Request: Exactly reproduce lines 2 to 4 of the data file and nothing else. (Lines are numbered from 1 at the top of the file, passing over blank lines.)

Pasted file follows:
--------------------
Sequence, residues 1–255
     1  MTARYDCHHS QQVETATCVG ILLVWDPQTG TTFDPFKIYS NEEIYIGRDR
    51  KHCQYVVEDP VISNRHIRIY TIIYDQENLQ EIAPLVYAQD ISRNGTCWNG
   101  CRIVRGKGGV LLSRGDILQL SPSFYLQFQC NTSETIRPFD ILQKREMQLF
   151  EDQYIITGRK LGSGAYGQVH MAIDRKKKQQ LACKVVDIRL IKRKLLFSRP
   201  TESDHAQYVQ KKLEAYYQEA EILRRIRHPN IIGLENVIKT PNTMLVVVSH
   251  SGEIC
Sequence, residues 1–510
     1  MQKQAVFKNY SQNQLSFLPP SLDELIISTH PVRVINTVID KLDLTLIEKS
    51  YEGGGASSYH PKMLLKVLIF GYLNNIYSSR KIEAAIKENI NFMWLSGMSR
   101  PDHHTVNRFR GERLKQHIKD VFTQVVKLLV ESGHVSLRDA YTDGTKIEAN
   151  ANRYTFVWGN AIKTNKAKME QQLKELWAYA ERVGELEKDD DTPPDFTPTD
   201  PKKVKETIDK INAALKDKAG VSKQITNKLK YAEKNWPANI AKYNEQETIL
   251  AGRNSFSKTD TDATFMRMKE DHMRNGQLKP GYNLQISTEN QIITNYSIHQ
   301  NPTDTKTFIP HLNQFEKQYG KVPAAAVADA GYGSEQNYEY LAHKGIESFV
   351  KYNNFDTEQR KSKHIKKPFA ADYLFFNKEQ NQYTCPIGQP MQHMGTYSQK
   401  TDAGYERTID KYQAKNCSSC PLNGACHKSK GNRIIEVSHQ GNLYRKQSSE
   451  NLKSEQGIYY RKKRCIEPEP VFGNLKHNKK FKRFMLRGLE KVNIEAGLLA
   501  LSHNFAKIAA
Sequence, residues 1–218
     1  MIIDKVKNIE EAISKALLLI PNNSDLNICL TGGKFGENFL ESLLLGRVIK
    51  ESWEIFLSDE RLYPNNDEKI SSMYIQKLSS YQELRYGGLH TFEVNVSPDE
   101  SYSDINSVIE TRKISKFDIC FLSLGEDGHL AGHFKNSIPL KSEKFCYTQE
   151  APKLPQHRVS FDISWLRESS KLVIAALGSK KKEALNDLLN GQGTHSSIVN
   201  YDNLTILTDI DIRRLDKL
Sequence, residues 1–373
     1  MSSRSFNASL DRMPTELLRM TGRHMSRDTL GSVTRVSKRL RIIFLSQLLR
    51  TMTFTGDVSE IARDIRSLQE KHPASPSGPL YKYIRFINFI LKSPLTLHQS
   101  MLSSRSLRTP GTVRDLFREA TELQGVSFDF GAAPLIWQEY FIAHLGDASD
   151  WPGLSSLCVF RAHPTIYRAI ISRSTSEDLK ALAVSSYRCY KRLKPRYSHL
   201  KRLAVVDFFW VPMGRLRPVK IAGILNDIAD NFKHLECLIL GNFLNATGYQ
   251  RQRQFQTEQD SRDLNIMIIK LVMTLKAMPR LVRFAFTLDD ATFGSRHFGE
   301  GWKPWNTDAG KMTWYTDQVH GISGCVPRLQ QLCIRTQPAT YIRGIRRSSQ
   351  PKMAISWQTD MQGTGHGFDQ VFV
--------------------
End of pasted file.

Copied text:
     1  MTARYDCHHS QQVETATCVG ILLVWDPQTG TTFDPFKIYS NEEIYIGRDR
    51  KHCQYVVEDP VISNRHIRIY TIIYDQENLQ EIAPLVYAQD ISRNGTCWNG
   101  CRIVRGKGGV LLSRGDILQL SPSFYLQFQC NTSETIRPFD ILQKREMQLF